"The most challenging parts of life as a (gigging/touring blind) comedian for me are all of the logistical ones, travelling the country to different venues and even getting to and from the stage at a show," says Chris.
"Obviously, I've found solutions to these aspects of the job over the years. Once these issues have been overcome the actual on stage, stand-up part of the job is the easy bit."
From tales of the marathon birth from hell that Chris and his wife thought would never end, and their experience of having to pay actual money to a mad lactation consultant (yes that's a real job), to the numerous and inevitable conflicts that arise when a pasty white Scouser is married to a hot-blooded Brazilian woman..
Chris also gives an insight into life and parenthood in the dark, from his inevitable shortcomings as a husband who can't do his share of the driving to the total farce of playing hide and seek when you can't see where to hide or even where to do the bloody seeking!
Q/ What's the most challenging part of being a dad for you?
Chris McCausland: As my daughter has got older and more communicative, being a blind Dad has got easier in lots of ways. There was a really difficult period when she was a one-year old, where she was mobile but silent, crawling about on the floor but hardly making a bloody peep!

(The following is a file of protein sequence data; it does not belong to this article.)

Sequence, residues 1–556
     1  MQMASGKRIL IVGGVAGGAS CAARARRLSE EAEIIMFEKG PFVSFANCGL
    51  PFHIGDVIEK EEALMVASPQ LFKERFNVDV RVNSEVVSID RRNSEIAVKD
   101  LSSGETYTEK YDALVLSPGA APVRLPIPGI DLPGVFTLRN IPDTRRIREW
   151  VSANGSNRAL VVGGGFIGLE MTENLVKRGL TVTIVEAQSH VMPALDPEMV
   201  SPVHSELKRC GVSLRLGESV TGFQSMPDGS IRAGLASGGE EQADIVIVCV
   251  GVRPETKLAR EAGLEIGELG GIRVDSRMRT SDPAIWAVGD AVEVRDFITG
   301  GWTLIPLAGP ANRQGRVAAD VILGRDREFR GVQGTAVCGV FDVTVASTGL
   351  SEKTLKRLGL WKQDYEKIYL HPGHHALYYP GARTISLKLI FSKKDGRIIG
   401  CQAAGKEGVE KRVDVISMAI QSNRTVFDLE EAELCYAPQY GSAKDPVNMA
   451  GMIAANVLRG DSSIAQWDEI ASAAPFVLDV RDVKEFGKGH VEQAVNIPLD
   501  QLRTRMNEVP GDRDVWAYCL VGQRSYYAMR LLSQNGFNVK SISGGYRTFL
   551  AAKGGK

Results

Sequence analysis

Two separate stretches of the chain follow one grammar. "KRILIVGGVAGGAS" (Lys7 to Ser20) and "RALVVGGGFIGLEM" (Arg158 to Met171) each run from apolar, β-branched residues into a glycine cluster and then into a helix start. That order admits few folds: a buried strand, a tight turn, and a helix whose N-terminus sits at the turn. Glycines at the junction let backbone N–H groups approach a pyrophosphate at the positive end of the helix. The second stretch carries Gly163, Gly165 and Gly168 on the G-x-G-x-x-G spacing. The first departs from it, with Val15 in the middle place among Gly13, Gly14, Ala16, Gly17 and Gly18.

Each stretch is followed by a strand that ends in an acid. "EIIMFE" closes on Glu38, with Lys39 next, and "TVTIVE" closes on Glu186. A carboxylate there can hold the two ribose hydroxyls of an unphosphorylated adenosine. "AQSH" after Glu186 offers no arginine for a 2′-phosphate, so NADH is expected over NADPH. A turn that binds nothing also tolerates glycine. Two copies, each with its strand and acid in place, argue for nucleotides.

Looking back, maybe I should have put a bell on her, or a bluetooth tracker so that I could ask Alexa to find her! Now she's five though, it's probably things like not being able to help her properly with her reading and her writing. How many of the other kids in her class have already got better handwriting than their Daddy?
Q/ You're a northerner and your wife is Brazilian - how does that culture clash work out?
Chris McCausland: As you can imagine, we are very different in terms of our culture, and our biological response to temperature. Whereas my wife will still require a winter coat in 22 degree sunshine, I struggle to function in anything warmer than about 26.
This obviously creates a great deal of conflict when the central heating comes into question. I talk about this in the show, but I think there is a good chance that one of us may one day be found dead in the hallway with one arm reaching out towards the thermostat, with the other one of us having skipped the country.
Q/ What has been your career high point so far?
Chris McCausland: My career high point so far has definitely been filming Live at the Apollo for the BBC. Not only was it the biggest career opportunity that I have had, but it was also the biggest actual gig that I had done, getting to play in front of 3500 comedy fans at the Hammersmith Apollo.
I have lived in London for over twenty years and have been to see lots of my music and comedy heroes perform on that stage, and so to get to do the same was a dream come true really.
Q/ What projects have you got coming up?
Chris McCausland: After this tour is over, I plan to write a book about my own experiences of losing my sight, being a comedian, and becoming a Dad.
They say that everybody has got a book in them, and I reckon I must have at least two. I also plan to become Prime Minister, destroy Facebook, and form the world's most successful rock band.